The Communist Manifesto was written by Karl Marx and Frederich Engels in 1848. The manifesto outlines 10 planks of communism, including the abolition of private property, free education for all children in public schools, a heavy progressive or graduated income tax, centralization of credit in the hands of the State by means of a national bank with an exclusive monopoly, abolition of all rights of inheritance.
But there are two even more radical and destructive planks, not listed among the 10 but pronounced clearly in the manifesto. These are found in the following statements;
“Abolition of the family! Even the most radical flare up at this infamous proposal of the Communists.”
“But Communism abolishes eternal truths, it abolishes all religion and all morality … it therefore acts in contradiction of all past historical experience.”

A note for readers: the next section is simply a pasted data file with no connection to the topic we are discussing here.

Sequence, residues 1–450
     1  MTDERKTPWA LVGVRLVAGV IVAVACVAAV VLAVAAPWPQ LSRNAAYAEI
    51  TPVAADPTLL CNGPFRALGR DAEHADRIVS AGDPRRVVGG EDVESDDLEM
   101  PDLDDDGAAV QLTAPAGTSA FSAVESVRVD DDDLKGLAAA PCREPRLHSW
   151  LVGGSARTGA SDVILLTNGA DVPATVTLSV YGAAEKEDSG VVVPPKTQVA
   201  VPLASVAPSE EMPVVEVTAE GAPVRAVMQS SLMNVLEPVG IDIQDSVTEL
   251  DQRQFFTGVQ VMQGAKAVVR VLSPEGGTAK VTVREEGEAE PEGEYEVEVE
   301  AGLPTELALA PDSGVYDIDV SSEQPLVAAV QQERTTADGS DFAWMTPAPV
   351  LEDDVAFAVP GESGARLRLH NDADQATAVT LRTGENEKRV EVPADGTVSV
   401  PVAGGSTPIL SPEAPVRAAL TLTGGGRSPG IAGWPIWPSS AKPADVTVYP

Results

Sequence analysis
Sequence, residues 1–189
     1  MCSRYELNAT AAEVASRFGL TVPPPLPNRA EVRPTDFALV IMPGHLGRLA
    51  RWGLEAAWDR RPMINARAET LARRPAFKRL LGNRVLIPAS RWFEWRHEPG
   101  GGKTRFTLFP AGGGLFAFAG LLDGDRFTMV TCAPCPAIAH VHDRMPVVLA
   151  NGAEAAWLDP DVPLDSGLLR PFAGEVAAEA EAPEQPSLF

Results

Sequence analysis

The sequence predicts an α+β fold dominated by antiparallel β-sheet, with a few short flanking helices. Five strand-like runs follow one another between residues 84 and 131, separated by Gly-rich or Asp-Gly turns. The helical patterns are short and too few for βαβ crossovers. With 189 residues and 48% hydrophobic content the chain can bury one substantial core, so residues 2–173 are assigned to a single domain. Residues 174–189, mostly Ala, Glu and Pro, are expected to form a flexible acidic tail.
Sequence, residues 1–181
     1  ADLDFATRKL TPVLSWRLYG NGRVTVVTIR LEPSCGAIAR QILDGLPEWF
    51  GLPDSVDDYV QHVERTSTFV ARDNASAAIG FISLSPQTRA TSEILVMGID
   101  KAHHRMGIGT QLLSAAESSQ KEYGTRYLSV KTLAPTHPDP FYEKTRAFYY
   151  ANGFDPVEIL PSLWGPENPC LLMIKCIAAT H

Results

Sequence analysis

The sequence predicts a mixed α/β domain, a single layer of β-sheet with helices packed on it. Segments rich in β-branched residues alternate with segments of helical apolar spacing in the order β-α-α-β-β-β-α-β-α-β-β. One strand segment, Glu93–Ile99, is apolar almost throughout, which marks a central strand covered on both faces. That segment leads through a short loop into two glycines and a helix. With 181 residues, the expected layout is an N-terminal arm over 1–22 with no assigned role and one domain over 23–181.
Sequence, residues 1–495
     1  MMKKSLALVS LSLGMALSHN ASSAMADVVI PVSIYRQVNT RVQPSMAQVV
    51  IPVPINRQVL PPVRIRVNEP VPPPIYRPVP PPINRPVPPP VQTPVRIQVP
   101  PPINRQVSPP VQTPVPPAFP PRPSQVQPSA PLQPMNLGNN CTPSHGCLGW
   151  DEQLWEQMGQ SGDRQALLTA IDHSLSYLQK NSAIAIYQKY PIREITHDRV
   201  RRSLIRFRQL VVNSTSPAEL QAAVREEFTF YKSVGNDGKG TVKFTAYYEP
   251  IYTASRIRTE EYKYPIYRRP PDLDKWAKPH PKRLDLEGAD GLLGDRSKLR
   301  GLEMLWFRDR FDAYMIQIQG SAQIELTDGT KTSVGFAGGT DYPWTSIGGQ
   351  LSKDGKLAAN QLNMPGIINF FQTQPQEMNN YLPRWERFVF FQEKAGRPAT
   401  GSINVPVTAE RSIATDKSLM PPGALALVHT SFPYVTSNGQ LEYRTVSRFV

Engels further outlines communist views on the family in The Origin of the Family, Private Property and the State (1884), a provocative and influential critique of the Victorian nuclear family. Engels argued that the traditional monogamous household was in fact a recent construct, closely bound up with capitalist societies. Under this patriarchal system, women were servants and, effectively, prostitutes. Only Communism would herald the dawn of communal living and a new sexual freedom.
Once the communists took power in the so called Russian Revolution (there was little that was Russian about it, it was more like an alien army invading and taking over Russia), they immediately instituted no fault divorce laws. This accelerated the decline of the family. In fact, no fault divorce laws that swept America in the 1970s were taken from Soviet Communist laws.
Most think of communism as merely an economic program, but here we see that it strikes at the family and religion, and therefore at the heart of God and his plan for mankind.